Our Book of the Month choice for July

The SSL ‘Book of the Month’ feature highlights a book in our collection that has been chosen by one of our Subject Consultants. This may be a recent addition to our stock or an existing item that we would like to share with you.

 

July’s book of the month was selected by Andy Kernot, Subject Consultant for Geography, Social Policy & Intervention, Public Policy, and Internet Studies

 

 

 

The Big Rachet: How humanity thrives in the face of natural crisis: a biography of ingenious species

DeFries, Ruth

Basic Books, 2014

Available in hard copy in the SSL

 

Why was it chosen?

Our species long lived on the edge of starvation. Now we produce enough food for all 7 billion of us to eat nearly 3,000 calories every day. This is such an astonishing thing in the history of life as to verge on the miraculous. The Big Ratchet is the story of how it happened, of the ratchets — the technologies and innovations, big and small — that propelled our species from hunters and gatherers on the savannahs of Africa to shoppers in the aisles of the supermarket.

Book Overview

The Big Ratchet itself came in the twentieth century, when a range of technologies — from fossil fuels to scientific plant breeding to nitrogen fertilizers — combined to nearly quadruple our population in a century, and to grow our food supply even faster. To some, these technologies are a sign of our greatness; to others, of our hubris. MacArthur fellow and Columbia University professor Ruth DeFries argues that the debate is the wrong one to have. Limits do exist, but every limit that has confronted us, we have surpassed. That cycle of crisis and growth is the story of our history; indeed, it is the essence of The Big Ratchet. Understanding it will reveal not just how we reached this point in our history, but how we might survive it.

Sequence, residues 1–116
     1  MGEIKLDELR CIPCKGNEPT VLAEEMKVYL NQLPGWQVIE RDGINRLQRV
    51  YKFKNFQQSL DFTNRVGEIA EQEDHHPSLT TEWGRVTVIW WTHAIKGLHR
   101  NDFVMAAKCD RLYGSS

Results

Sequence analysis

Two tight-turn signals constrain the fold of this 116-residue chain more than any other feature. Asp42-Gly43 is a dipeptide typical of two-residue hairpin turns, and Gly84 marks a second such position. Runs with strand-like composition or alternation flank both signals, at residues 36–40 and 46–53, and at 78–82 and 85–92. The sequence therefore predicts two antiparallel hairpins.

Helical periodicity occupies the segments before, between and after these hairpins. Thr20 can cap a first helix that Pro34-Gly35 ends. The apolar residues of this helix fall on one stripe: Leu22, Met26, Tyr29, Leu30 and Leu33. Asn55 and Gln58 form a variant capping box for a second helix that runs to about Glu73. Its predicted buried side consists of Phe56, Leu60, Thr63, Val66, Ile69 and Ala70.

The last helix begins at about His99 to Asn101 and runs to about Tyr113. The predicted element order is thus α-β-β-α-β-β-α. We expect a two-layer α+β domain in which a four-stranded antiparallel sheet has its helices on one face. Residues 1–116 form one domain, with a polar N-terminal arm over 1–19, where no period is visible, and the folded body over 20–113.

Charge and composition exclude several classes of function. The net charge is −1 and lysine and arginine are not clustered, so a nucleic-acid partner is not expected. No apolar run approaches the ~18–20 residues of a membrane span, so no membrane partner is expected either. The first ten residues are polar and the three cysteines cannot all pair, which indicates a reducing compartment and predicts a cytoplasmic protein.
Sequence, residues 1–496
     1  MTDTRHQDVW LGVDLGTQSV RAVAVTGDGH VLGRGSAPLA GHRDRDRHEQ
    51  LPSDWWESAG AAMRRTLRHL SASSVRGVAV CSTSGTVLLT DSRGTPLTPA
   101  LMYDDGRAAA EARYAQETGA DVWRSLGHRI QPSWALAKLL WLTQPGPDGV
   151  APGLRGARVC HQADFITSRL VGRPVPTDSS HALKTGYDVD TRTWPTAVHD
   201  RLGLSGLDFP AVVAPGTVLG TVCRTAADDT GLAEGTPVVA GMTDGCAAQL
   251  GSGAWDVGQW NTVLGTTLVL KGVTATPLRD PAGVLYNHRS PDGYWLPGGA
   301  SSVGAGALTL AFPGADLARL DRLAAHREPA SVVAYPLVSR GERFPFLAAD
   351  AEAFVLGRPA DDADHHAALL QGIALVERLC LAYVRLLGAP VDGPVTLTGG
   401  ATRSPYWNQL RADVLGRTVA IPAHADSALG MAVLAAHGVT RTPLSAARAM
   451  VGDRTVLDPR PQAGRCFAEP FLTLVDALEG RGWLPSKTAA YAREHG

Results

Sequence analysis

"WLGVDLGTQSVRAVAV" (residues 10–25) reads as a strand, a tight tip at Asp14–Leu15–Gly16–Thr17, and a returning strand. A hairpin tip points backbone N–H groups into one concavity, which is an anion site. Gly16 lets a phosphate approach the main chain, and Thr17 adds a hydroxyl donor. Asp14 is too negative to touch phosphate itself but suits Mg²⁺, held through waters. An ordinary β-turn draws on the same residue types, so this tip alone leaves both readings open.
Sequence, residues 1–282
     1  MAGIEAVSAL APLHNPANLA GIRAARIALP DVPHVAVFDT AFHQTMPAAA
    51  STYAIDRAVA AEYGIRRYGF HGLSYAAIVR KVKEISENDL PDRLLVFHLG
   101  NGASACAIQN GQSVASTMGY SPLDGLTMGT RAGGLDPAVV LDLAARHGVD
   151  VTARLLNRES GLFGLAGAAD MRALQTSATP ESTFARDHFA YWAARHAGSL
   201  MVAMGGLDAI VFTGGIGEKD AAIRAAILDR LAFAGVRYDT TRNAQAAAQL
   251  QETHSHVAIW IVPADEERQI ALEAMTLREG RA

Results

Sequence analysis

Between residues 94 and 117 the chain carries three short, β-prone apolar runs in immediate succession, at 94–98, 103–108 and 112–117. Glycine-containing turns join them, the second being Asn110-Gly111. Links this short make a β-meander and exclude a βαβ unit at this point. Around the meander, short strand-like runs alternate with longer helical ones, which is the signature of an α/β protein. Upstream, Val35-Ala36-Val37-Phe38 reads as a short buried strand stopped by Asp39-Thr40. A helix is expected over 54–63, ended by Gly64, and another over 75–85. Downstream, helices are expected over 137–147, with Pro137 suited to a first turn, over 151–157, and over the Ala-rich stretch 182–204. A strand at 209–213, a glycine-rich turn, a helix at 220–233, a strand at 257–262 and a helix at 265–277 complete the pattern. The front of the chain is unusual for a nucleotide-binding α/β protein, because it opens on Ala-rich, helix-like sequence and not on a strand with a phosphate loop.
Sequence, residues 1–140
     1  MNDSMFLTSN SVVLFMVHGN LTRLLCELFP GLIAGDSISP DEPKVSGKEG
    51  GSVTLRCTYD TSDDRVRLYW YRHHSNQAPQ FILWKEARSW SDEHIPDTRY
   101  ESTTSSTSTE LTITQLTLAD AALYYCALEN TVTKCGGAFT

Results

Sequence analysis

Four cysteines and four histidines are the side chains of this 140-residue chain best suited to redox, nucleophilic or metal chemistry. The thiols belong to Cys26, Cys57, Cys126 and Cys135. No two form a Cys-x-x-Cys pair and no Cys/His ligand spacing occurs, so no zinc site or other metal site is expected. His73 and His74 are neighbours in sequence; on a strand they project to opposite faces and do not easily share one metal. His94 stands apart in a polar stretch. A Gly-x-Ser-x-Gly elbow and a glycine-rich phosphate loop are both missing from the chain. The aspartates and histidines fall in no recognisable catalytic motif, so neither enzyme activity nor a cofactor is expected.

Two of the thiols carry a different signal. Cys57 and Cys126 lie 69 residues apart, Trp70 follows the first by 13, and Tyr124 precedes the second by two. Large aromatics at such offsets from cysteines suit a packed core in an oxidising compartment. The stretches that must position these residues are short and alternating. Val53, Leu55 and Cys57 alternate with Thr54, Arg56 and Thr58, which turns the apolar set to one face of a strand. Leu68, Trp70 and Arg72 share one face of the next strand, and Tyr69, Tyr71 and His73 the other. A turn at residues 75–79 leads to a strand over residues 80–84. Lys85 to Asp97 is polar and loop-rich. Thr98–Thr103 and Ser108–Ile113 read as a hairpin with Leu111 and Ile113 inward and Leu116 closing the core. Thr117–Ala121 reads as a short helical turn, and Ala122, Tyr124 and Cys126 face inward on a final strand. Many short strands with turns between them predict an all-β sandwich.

Reviews

“The Big Ratchet” is a well-researched and highly readable account of how we came to be a ‘world dominating urban species’, and the opportunities and threats we will face in feeding a world of 9 billion people with only a small minority living in rural areas. For those who have deep concerns about our ability to meet future food needs, this book provides at least some reassurance that we have done it before.”
Nature Geoscience

“A page turner and an eye opener, clearly written and well told. If you are alive today, especially if you live in a city, this is the story of how you got here and why you eat what you eat. Defries deftly guides us through our species’ unending quest to squeeze more food out of the earth, introducing us along the way to buffalo bone pickers, ancient plant breeders, guano wars, the extinction of the Rocky Mountain Locust, medieval human poop tradesmen, Arctic “doomsday” seed vaults and the Nobel Prizes awarded to the inventors of DDT and trans fats. A fascinating history of human innovation.”
Science News

How can I access it?

This title is available in hard copy at the SSL at shelfmark GF75.DEF 2014. If you’ve booked a study space in the library you can find it on our shelves, alternatively, if you can borrow books from our library, place a Click & Collect request for it.

Image of an open book with the pages curled to form a love heartWhat would your SSL Book of the Month be? Do you have a favourite book in our collection? If so, we would love to know what it is. Add a comment below or email us.

Empty Shelves & New Location of Economics Textbooks

Empty Shelves

You may have noticed that there are some empty shelves in our book sequence. This is because the SSL printed Statistics and Reports have been moved to the other side of the library (next to our journals sequence) to provide essential growth room for new books. Please bear with us while we re-space the empty shelves to create growth room exactly where it is needed

Looking for economics textbooks?

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During the Christmas Vacation, books with shelfmarks HB144-HB501 have been moved to the block of shelving near the south side of the Library, on the other side of the Reader PCs.

 

Look out for the following signs which have been placed on the end of the bays of shelving where they used to be and where they are now located:

Economics 1

Economics 2